(Evêque ), the same word, episcopus; whence episc, evesc, evesque, evéque; also 'piscop, bishop.
Bishop, Cardinal, Pope
Bishop is made by pouring red wine (such as claret or burgundy), either hot or cold, on ripe bitter oranges. The liquor is then sugared and spiced to taste. In Germany, “bishop” is a mixture of wine, sugar, nutmeg, and orange or lemon. It is sometimes called “Purple Wine,” and has received its name of bishop from its colour.
Cardinal is made by using white wine instead of red. Pope is made by using tokay.
“When I was at college, Cup was spiced audit ale; Bishop was ‘cup’ with wine (properly claret or burgundy) added; Cardinal was ‘cup’ with brandy added. All were served with a hedge-hog [i.e. a whole lemon or orange bristling with cloves] floating in the midst. Each guest had his own glass or cup filled by a ladle from the common bowl (a large silver one).”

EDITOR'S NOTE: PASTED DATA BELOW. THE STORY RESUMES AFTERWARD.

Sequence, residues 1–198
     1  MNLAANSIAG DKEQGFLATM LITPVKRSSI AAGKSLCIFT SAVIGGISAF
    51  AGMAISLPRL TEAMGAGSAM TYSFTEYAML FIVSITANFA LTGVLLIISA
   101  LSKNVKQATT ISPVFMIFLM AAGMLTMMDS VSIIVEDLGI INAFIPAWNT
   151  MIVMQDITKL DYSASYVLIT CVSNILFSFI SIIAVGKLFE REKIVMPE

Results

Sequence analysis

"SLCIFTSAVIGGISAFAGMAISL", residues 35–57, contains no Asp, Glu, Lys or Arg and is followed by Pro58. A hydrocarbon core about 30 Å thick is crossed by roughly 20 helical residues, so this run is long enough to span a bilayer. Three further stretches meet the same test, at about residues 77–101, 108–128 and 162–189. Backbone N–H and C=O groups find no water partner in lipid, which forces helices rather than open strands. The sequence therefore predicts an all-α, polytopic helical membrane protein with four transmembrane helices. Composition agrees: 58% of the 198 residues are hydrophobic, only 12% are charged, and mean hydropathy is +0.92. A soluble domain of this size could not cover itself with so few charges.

The bishop hath put his foot in it. Said of milk or porridge that is burnt, or of meat over-roasted. Tyndale says, “If the podech be burned-to, or the meate ouer rosted, we saye the byshope hath put his fote in the potte,” and explains it thus, “because the bishopes burn who they lust.” Such food is also said to be bishopped.
The May-bug, lady-bird, etc.
Source: Dictionary of Phrase and Fable, E. Cobham Brewer, 1894